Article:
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dc.contributor.authorZhang, Yipeng
dc.contributor.authorPerson, Mark
dc.contributor.authorVoller, Vaughan
dc.contributor.authorCohen, Denis
dc.contributor.authorMcIntosh, Jennifer
dc.contributor.authorGrapenthin, Ronni
dc.date.accessioned2019-05-13T19:38:15Z
dc.date.available2019-05-13T19:38:15Z
dc.date.issued2018-10
dc.identifier.citationZhang, Y., Person, M., Voller, V., Cohen, D., McIntosh, J., & Grapenthin, R. ( 2018). Hydromechanical impacts of Pleistocene glaciations on pore fluid pressure evolution, rock failure, and brine migration within sedimentary basins and the crystalline basement. Water Resources Research, 54, 7577– 7602. https://doi.org/10.1029/2017WR022464en_US
dc.identifier.issn0043-1397
dc.identifier.issn1944-7973
dc.identifier.doi10.1029/2017WR022464
dc.identifier.urihttp://hdl.handle.net/10150/632242
dc.description.abstractThe effects of Pleistocene glacial loading on rock failure, permeability increases, pore pressure evolution, and brine migration within two linked sedimentary basins were evaluated using a multiphysics control volume finite element model. We applied this model to an idealized cross section that extends across the continent of North America from the Hudson Bay to the Gulf of Mexico. Our analysis considered lithosphere geomechanical stress changes (sigma(yy) > 35 MPa) in response to 10 cycles of ice sheet loading. Hydrologic boundary conditions, lithosphere rheological properties, and aquifer/confining unit configuration were varied in a sensitivity study. We used a Coulomb Failure Stress change metric (Delta CFSp > 0.1 MPa) to increase permeability by a factor of 100 in some simulations. Results suggest that a buildup of anomalous pore pressures up to about 3 MPa occurred in confining units during periods of glaciations, but this had only a second-order effect on triggering rock failure. In regions prone to failure, permeability increases during glaciations help to explain observations of brine flushing in sedimentary basin aquifers. During the Holocene to present day, deglaciation resulted in underpressure formation in confining units primarily along the northern margin of the northern basin. Holocene-modern geomechanical stress fields were relatively small (<0.6 MPa). However, pore pressure increases associated with postglacial rebound, especially when a basal sedimentary basin aquifer is present, induced rock failure and seismicity up to 150 km beyond the terminus of the ice sheet. Sedimentary basin salinity patterns did not equilibrate after 10 simulated glacial cycles.en_US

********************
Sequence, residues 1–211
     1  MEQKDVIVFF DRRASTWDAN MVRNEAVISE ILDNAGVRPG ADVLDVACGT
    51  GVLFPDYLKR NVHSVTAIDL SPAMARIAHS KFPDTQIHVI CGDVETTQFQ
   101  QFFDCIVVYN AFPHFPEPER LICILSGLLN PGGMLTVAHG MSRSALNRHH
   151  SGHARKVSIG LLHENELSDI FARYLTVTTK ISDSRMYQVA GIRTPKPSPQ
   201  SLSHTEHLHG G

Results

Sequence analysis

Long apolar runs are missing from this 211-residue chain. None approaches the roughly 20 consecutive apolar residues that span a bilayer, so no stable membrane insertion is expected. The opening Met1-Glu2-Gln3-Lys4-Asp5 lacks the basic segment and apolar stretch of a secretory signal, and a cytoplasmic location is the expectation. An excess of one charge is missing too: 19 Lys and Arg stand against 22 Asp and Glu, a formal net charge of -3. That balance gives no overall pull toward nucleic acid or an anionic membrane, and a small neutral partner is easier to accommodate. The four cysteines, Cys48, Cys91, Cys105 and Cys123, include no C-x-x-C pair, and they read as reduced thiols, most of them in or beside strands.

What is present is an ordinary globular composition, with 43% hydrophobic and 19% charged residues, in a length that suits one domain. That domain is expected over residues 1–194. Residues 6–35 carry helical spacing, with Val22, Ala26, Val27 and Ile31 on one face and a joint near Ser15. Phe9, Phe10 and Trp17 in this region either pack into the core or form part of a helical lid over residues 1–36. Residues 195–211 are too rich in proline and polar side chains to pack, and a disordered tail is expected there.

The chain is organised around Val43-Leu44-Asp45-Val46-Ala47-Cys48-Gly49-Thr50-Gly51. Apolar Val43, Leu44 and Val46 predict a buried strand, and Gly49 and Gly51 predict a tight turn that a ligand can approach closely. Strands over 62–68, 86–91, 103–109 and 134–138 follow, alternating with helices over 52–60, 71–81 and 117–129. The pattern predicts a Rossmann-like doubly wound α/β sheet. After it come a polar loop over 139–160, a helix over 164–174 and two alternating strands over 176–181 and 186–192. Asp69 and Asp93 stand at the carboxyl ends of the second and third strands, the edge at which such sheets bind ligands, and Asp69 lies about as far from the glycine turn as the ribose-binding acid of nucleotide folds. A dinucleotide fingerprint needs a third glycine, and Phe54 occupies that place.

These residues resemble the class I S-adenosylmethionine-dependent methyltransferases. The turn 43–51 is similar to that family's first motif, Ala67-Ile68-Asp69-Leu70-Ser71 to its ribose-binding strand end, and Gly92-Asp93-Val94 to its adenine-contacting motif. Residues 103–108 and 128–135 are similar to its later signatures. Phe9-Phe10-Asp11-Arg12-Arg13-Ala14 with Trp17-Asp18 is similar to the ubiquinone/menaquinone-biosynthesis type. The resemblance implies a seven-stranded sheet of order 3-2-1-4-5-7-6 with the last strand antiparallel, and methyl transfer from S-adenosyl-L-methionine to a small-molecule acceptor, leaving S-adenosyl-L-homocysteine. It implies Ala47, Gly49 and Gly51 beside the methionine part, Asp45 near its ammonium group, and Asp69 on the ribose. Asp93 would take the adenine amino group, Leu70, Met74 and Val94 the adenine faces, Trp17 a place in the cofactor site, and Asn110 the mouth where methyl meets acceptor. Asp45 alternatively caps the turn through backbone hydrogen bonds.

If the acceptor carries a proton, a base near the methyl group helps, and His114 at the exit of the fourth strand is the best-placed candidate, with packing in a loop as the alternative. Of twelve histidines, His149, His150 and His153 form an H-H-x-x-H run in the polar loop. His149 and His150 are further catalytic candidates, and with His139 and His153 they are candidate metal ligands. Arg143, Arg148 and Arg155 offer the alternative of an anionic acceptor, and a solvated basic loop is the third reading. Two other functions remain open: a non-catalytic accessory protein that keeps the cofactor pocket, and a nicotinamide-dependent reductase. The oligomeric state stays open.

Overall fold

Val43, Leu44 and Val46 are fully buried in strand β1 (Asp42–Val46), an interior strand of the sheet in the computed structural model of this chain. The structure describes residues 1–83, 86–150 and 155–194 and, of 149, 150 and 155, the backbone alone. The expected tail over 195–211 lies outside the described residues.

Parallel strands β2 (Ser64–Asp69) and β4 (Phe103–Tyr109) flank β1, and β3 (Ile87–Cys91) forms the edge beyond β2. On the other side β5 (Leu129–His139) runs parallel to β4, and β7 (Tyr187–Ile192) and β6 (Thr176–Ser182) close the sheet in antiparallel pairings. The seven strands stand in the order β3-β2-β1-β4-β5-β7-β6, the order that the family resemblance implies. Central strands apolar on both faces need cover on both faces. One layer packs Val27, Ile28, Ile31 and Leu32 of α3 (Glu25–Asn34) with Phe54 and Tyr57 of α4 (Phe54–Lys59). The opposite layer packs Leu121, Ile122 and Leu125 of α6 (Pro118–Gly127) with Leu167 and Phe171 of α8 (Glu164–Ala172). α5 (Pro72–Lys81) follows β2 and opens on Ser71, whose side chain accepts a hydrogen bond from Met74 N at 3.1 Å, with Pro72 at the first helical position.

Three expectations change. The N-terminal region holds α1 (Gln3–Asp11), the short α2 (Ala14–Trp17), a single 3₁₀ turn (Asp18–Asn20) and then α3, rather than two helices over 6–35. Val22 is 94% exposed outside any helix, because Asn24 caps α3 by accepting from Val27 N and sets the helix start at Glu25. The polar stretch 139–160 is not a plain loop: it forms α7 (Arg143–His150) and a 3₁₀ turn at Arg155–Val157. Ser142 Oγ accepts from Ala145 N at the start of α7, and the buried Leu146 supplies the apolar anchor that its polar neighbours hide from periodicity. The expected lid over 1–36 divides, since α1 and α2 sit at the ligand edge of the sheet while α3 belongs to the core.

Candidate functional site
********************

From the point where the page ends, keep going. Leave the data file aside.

dc.description.sponsorshipNSF [EAR-1344553, EAR-0635685]; NSF (NSF EPSCoR) [IIA-130134]en_US
dc.language.isoenen_US
dc.publisherAMER GEOPHYSICAL UNIONen_US
dc.relation.urlhttps://onlinelibrary.wiley.com/doi/abs/10.1029/2017WR022464en_US
dc.rights©2018. American Geophysical Union. All Rights Reserved.en_US
dc.titleHydromechanical Impacts of Pleistocene Glaciations on Pore Fluid Pressure Evolution, Rock Failure, and Brine Migration Within Sedimentary Basins and the Crystalline Basementen_US
dc.typeArticleen_US
dc.contributor.departmentUniv Arizona, Dept Hydrol & Atmospher Scien_US
dc.identifier.journalWATER RESOURCES RESEARCHen_US
dc.description.note6 month embargo; published online: 30 August 2018en_US
dc.description.collectioninformationThis item from the UA Faculty Publications collection is made available by the University of Arizona with support from the University of Arizona Libraries. If you have questions, please contact us at repository@u.library.arizona.edu.en_US
dc.eprint.versionFinal published versionen_US
dc.source.journaltitleWater Resources Research
dc.source.volume54
dc.source.issue10
dc.source.beginpage7577
dc.source.endpage7602
refterms.dateFOA2019-03-02T00:00:00Z


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